Glasgow School of Art had ‘major’ fire safety ‘flaws’
AN ARCHITECT has claimed that the Mackintosh building fire earlier this year was due to fire safety planning on the site being ‘seriously flawed’.
The listed building caught fire after a previous blaze in 2014. Sprinklers ‘had not been fitted’ after the first fire at the Mackintosh Library in the building, which was ‘almost entirely destroyed by fire’ in May 2014. A spokesperson for the British Automatic Fire Sprinkler Association (BAFSA) stated at first that ‘it was understood’ that automatic sprinklers had not been fully fitted due to the building undergoing refurbishment’.
Later, a report found that flammable insulation panels that ‘also give off toxic gases when set alight’ were used in the refurbishment, ‘rather than more expensive mineral ones which do not burn’. Fire inspectors are still investigating ‘whether these’ materials used ‘exacerbated the spread’, but described the insulation panels as ‘similar to those used’ on Grenfell Tower.
In September, a fire safety expert criticised the refurbishment’s use of flammable insulation after the heritage building burned down for a second time, and now The Times has reported on the views of Alan Dunlop, professor of architecture at Liverpool University, who said that the building’s destruction in the fire this year indicated that fire safety planning was ‘seriously flawed’, despite the project team stating that a ‘rigorous’ approach had been taken.
The area of the building that caught fire was occupied by main contractor Kier Construction, with Professor Dunlop an alumnus of the school of art. He drew attention to open duct work that was spread throughout the construction site, and noted that a fire suppression system ‘had been ordered but was not operational’.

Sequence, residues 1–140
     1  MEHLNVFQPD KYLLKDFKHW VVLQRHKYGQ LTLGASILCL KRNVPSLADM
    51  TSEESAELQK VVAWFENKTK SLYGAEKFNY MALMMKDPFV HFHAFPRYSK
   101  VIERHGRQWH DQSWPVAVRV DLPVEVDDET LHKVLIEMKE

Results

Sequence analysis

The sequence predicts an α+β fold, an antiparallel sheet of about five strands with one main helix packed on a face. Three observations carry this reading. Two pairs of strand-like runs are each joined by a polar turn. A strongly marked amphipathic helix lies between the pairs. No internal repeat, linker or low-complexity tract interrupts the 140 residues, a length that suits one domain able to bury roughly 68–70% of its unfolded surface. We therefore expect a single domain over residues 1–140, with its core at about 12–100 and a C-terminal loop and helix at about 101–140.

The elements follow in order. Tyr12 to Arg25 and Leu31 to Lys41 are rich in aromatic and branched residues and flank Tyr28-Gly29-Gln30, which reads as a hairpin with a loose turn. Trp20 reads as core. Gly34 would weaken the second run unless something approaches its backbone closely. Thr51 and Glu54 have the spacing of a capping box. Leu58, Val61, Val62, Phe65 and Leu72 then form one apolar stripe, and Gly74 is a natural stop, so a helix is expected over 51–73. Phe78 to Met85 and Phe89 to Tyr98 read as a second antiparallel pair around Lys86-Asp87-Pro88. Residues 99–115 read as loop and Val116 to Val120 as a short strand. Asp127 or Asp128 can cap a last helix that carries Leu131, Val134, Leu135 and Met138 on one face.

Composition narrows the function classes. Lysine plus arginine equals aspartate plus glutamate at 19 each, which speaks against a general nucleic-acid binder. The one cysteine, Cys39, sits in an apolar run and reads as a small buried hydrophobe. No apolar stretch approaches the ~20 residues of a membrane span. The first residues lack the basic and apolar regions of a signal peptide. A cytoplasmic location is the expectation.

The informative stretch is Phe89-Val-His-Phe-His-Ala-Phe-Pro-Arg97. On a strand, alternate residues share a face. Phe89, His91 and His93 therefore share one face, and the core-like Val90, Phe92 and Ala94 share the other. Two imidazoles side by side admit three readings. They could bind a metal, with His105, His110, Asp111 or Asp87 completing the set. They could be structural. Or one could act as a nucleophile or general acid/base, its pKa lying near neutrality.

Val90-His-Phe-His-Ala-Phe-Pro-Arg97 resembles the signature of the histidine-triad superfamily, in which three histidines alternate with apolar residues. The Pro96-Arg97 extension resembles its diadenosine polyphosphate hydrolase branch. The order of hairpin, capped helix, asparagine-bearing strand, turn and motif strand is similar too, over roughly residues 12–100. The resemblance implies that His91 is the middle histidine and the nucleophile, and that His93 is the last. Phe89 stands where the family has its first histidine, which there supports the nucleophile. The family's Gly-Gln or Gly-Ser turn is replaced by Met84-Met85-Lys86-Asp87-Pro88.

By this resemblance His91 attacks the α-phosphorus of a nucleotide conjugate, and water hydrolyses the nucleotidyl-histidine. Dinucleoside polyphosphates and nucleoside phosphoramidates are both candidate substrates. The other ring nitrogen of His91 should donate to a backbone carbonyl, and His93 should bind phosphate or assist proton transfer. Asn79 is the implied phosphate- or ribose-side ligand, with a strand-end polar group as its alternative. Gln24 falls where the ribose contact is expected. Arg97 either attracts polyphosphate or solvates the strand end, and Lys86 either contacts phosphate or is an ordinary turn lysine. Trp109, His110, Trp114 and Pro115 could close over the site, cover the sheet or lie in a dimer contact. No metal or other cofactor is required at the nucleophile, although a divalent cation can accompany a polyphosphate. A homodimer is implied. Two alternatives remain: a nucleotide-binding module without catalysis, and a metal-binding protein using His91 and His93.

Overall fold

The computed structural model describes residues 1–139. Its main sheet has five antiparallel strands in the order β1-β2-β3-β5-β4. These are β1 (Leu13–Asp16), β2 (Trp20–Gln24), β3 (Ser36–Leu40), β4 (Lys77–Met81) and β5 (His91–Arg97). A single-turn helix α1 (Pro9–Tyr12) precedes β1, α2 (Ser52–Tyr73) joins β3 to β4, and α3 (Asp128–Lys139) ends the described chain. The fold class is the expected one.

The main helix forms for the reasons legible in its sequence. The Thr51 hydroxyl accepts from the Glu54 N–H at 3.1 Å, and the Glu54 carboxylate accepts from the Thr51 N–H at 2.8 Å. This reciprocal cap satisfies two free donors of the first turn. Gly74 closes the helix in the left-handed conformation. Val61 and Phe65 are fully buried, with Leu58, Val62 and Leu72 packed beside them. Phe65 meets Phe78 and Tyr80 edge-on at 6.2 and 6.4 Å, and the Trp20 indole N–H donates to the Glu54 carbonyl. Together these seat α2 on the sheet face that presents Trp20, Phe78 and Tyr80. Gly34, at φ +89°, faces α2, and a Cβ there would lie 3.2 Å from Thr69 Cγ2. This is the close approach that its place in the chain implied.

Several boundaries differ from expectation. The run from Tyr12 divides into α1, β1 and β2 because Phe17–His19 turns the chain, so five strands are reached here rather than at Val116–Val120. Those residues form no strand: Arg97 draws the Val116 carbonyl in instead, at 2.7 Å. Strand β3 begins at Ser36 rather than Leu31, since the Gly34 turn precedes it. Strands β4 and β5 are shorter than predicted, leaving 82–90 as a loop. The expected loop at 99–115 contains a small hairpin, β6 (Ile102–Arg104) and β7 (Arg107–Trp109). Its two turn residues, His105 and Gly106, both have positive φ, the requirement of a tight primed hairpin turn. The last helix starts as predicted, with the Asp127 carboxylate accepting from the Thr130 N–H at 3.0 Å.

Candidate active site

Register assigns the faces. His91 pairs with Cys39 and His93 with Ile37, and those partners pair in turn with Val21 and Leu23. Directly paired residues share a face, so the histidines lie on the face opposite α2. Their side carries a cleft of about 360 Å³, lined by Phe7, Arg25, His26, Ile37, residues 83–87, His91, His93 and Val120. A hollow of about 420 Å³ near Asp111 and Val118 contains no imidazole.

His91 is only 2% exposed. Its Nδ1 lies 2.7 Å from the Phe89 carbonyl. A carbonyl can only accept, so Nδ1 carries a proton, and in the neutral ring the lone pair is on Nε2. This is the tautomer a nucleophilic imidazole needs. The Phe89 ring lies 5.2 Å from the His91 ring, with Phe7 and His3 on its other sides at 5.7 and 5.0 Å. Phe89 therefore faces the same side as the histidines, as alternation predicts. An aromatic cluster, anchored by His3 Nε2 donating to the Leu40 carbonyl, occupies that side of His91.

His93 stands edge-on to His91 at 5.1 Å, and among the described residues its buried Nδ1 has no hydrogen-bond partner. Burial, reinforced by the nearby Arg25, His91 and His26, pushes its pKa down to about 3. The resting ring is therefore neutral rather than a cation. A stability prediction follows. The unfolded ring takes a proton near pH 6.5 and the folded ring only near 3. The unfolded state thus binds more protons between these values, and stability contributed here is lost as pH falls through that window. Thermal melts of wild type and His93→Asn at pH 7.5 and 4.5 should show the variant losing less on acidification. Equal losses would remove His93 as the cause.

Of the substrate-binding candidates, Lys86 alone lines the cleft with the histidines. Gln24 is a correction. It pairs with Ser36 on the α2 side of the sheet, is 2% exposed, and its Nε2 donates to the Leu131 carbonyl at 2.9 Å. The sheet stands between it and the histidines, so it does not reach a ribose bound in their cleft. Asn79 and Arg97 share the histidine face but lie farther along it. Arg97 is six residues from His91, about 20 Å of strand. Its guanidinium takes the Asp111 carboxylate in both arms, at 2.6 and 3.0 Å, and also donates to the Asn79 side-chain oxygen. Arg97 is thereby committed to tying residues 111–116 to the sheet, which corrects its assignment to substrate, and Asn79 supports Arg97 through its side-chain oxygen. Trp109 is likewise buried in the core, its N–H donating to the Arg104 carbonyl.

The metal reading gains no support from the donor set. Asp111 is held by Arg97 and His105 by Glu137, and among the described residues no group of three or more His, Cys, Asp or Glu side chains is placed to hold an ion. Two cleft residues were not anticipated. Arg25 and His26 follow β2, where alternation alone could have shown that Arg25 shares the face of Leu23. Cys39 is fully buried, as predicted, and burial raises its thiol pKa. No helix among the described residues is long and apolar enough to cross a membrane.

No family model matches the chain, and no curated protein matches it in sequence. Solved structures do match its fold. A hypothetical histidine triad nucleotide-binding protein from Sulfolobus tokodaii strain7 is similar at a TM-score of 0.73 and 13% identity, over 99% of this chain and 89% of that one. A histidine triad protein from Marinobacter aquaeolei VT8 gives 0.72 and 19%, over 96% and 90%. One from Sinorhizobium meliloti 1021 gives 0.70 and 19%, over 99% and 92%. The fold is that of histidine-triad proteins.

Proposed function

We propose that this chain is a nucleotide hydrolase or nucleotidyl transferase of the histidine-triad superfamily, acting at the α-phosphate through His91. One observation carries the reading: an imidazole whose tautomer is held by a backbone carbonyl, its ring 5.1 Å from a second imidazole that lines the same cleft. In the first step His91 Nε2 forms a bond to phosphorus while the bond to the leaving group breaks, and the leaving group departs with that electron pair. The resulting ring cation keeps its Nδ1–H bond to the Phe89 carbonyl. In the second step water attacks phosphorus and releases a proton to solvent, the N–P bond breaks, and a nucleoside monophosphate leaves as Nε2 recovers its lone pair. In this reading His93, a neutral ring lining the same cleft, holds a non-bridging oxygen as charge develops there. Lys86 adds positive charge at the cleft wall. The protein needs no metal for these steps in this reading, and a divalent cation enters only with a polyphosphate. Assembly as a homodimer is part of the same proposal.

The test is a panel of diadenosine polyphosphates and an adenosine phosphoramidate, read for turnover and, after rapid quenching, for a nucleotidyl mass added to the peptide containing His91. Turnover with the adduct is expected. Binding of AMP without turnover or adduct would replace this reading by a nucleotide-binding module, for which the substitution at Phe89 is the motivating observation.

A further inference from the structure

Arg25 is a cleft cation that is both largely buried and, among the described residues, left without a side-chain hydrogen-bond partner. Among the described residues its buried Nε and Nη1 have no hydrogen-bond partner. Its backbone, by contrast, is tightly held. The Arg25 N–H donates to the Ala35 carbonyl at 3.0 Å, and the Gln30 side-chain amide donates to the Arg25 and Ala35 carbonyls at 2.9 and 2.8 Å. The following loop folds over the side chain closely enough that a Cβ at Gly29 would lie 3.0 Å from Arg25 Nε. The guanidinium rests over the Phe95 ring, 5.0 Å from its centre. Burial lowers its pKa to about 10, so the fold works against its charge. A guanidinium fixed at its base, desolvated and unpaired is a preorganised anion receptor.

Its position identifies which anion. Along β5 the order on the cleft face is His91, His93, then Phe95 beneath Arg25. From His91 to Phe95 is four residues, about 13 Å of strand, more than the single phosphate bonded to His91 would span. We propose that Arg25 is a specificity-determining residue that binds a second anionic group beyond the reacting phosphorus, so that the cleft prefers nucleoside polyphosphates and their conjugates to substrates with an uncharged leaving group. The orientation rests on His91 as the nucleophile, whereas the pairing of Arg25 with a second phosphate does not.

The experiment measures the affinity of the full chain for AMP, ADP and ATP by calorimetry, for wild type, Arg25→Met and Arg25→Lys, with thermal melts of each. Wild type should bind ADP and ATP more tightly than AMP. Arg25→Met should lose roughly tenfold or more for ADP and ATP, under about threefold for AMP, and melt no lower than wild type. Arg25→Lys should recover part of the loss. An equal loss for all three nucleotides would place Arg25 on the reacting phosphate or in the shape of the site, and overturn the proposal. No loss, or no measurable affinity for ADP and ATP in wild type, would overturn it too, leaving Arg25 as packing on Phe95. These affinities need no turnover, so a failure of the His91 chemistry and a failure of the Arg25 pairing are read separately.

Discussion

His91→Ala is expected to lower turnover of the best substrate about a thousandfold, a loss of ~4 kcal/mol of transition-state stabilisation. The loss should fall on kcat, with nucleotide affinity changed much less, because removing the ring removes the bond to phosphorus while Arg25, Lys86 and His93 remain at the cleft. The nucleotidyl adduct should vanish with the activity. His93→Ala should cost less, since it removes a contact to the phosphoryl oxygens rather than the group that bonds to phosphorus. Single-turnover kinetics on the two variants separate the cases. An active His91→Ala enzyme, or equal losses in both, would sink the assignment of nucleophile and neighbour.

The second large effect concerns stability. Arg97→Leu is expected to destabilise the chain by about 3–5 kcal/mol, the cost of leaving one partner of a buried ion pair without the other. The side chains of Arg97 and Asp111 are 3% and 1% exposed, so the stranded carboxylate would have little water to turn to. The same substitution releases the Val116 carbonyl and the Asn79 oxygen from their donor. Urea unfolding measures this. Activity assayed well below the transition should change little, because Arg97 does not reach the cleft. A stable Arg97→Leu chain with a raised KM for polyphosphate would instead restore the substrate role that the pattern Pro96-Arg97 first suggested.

He stated: ‘Much like the sprinklers and use of existing duct work to carry services, these might have seemed like sensible decisions at the time, which would have to be agreed and confirmed. Now in retrospect and without the apparent “rigorous” fire safety regime in place they appear like major flaws in the site operations.’
The principal of the school, Professor Tom Inns, resigned last week after it was revealed that the building had hosted an event last December that was ‘one of a number’ of such events held there, despite it being a ‘vulnerable’ construction site. The school insisted that Kier ‘had a fire plan in place to mitigate risk’ that had been reviewed by SFRS and Glasgow City Council building control before the school signed it off, and it also said it had ‘made sure there was 24/7 manned security’.
With the Scottish Fire and Rescue Service (SFRS) only having ‘gained site access’ last week to investigate the fire, the Garnethill Displaced Residents Group questioned the services’ investigation’s ‘integrity’, as the delay in starting ‘could cripple’ the investigation due to the site’s ‘deterioration’. However, other local residents stated that SFRS had ‘been active’ on site since the fire by undertaking drone surveys and working from cranes.
While Kier declined to comment, David McGown, assistant chief officer of SFRS, commented that experts had entered the site ‘following work to ensure their safety’ in what remains of the building, adding: ‘I would like to stress once again that this is a very complex process and will therefore take time.’
Professor Dunlop noted that any insurance settlement ‘would be dependent’ on the outcome of the SFRS investigation, and believes that claims by the school that insurance would ‘cover the cost of a rebuilding project’ were ‘likely to be proved wrong’, stating: ‘As in all insurance contracts there will be matters of liability and accountability to be established. My own view is that there will be an inevitable call on the public purse.’